A loophole allowed applicants with no background in medical marijuana to be treated as if they were law-abiding, taxpaying veterans of the industry.

On July 1, when the Cannabis Patient Protection Act (SB 5052) took effect, all dispensaries without an I-502 license were forced to shut down, sending many of the state's medical marijuana patients into a panic. Patients worry that the recreational market doesn't have enough medicinal cannabis for their needs and that what is available is not affordable. Many point to the fact that the Washington State Liquor and Cannabis Board (WSLCB) issued only 222 new retail licenses to replace more than 1,500 medical marijuana dispensaries.

But there's another aspect that should trouble patients, though few may know about it. Thanks to a loophole in the state's licensing process, many longtime dispensary operations were shut out of the recreational market. New actors were able to game the system by buying pay stubs from former medical marijuana dispensary employees in order to bolster their applications.

"[The state was] supposed to create new licenses to move over the [medical marijuana] system so that the patients could be served," said John Davis, owner of the Northwest Patient Resource Center, who applied for but did not receive an I-502 license. "That's not what they did. They were just giving licenses to people who were scamming the system."

As a result of SB 5052, which mandated that the medical marijuana market be folded into the recreational one, the WSLCB was instructed to open a new round of retail cannabis licensing and "develop a competitive, merit-based application process that includes, at a minimum, the opportunity for an applicant to demonstrate experience and qualifications in the marijuana industry." Applicants were broken into three levels of priority based on a list of criteria, including whether or not they had operated or were employed by a dispensary before January 1, 2013.

The idea was to help the most legit dispensaries transition to the legal market. But because a person who had worked just one day at a dispensary was given priority to get a license, and because applications could include multiple people, a lot of former budtenders suddenly found themselves in high demand. In exchange for their proof of employment and willingness to sign on to an application, they could be paid handsomely. Last November, I searched Craigslist for "I-502 Priority I" and found several postings offering to buy or sell pay stubs for anywhere from $80,000 to $100,000.

This loophole allowed applicants with no background in medical marijuana to be treated as if they were law-abiding, taxpaying veterans of the industry.

To make matters worse, the WSLCB blindsided applicants by announcing a cap of 222 new medically endorsed stores late in the application process. Those 222 stores were allocated by jurisdiction, with more populous, higher-selling areas getting larger allocations of licenses. Still, that left many places, including Seattle, with far fewer licenses than qualified applicants, creating fierce competition. Up until shortly after the new cap was announced, the WSLCB had assured applicants that there was no hurry.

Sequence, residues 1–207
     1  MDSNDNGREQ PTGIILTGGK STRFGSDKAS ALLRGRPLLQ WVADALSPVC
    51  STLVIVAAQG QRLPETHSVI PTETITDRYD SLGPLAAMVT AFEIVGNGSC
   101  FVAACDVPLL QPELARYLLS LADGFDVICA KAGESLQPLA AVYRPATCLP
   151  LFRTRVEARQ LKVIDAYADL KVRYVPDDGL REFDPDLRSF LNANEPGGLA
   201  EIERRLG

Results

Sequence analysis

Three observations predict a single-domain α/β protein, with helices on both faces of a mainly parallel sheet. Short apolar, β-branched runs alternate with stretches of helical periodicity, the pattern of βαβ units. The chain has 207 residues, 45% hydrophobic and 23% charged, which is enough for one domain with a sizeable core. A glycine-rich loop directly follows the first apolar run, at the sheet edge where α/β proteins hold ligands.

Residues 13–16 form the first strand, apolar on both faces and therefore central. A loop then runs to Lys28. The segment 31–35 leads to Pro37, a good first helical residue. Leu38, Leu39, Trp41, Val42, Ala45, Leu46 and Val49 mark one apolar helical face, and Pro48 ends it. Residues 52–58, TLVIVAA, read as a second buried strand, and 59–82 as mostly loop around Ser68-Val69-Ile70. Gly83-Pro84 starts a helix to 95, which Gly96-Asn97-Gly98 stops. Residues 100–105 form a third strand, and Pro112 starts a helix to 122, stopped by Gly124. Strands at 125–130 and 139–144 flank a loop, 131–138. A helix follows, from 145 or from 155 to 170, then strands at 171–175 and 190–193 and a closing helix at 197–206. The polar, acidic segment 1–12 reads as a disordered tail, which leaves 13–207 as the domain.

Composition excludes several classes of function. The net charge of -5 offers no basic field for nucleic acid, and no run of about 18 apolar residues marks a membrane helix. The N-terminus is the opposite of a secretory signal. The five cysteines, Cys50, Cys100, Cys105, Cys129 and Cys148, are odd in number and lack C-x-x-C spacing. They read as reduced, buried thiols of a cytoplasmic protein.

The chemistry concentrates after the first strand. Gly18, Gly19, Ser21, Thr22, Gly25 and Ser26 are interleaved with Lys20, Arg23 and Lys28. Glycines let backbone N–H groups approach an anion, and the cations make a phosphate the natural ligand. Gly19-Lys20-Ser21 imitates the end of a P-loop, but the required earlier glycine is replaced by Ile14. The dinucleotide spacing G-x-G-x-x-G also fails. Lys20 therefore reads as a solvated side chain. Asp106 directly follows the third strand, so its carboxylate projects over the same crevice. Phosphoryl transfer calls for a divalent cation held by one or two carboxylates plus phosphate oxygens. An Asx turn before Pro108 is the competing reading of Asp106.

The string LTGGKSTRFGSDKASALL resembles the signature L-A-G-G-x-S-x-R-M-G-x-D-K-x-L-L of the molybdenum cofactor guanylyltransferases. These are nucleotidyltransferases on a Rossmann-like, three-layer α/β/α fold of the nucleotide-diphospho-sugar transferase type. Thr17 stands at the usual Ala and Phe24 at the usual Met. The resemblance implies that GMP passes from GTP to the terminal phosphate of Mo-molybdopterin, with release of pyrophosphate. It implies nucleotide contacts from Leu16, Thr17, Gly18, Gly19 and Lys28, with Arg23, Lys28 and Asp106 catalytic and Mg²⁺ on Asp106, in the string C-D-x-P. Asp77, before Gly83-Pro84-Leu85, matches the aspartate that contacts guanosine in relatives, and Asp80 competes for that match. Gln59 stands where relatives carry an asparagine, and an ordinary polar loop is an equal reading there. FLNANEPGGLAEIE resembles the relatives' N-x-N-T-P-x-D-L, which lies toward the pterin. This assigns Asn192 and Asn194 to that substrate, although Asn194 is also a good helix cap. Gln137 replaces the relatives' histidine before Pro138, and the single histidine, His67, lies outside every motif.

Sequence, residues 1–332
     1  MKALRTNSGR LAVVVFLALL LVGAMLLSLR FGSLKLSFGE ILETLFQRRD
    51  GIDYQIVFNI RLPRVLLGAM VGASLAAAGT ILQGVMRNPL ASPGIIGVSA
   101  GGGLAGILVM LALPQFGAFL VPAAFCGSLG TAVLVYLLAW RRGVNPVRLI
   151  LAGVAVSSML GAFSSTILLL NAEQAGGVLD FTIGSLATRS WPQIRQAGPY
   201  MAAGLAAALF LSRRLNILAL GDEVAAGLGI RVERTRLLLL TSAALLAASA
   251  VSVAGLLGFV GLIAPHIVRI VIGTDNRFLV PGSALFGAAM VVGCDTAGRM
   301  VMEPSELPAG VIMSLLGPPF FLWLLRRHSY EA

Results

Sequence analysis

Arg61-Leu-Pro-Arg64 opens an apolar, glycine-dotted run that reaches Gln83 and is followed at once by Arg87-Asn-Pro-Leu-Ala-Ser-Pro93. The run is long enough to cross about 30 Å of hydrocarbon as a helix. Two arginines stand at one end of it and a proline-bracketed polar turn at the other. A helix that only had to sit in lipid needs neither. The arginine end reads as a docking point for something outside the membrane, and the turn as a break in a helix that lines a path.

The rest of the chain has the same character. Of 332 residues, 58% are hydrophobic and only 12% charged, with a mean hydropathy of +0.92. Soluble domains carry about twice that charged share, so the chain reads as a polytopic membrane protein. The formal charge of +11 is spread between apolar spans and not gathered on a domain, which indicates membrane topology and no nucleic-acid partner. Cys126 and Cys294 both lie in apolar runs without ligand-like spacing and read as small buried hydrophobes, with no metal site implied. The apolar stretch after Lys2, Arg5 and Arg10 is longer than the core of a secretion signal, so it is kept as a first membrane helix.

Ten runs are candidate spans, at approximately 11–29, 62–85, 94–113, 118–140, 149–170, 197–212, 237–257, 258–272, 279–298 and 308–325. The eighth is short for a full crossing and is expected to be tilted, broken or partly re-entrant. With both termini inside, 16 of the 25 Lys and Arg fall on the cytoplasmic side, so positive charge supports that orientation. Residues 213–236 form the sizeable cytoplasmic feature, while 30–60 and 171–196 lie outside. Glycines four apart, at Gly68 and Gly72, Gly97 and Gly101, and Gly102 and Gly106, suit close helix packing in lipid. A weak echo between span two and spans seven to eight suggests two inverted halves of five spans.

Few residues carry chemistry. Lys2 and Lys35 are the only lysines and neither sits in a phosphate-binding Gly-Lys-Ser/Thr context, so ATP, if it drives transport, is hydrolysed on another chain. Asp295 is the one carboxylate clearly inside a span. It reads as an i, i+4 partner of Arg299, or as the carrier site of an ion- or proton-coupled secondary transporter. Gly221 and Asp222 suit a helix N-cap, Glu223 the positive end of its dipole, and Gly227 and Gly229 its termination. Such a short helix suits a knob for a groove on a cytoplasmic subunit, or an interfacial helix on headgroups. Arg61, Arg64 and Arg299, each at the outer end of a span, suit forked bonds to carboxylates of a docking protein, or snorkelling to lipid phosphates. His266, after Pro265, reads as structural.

"They were saying to me, 'Don't worry, it's not a race, there's plenty of time, we'll get to you,'" said Davis.

Even more frustrating, Davis said the state investigators who were charged with vetting his application were elusive, uncooperative, and disorganized. One investigator, he said, went on vacation for four weeks without notifying him, and another e-mailed the login information for his application to a competing applicant by mistake. The error put him weeks behind other applicants, Davis said.

Those who received licenses, Davis said, were people who were able to throw down $100,000 to game the system, or those who already owned recreational stores. He conducted a study of Seattle's 21 newly licensed "medically endorsed" recreational stores and found that a significant number of them were newly created. Only nine had operated dispensaries prior to the application process, he said, and only seven of those existed before 2013. Seven licensees created entities after the application process was already under way.

Davis was denied a license, despite operating one of the state's oldest-running dispensaries. Now he's suing the WSLCB, contending that its rules on priority licensing deviated from the spirit—and, to some extent, the letter—of the law.

In an e-mail, WSLCB director of communications Brian Smith acknowledged the issue of the pay-stub scam, saying: "From the beginning I've seen quotes from applicants [who] say they would try to game the system. There will always be people who will try to cheat." But, he added, "our investigation process is very thorough. We also work with other agencies to review and verify the information submitted as correct." However, Smith didn't address if the state was able to verify whether applicants would actually be involved on a business or operations level with the application they were included on.

Davis isn't the only critic of the WSLCB's licensing process. His suit includes about a dozen others, including Olympia's Rainier XPress, a dispensary that worked primarily with veterans suffering from PTSD.

"In Oly, there were five available licenses," said Patrick Seifert, Rainier Xpress's owner. "Three of the five licenses went to one fucking guy. The other two went to people who already had stores. How is that fair? How are they spreading it out to all of the good players that were supposed to get them?" Good question. recommended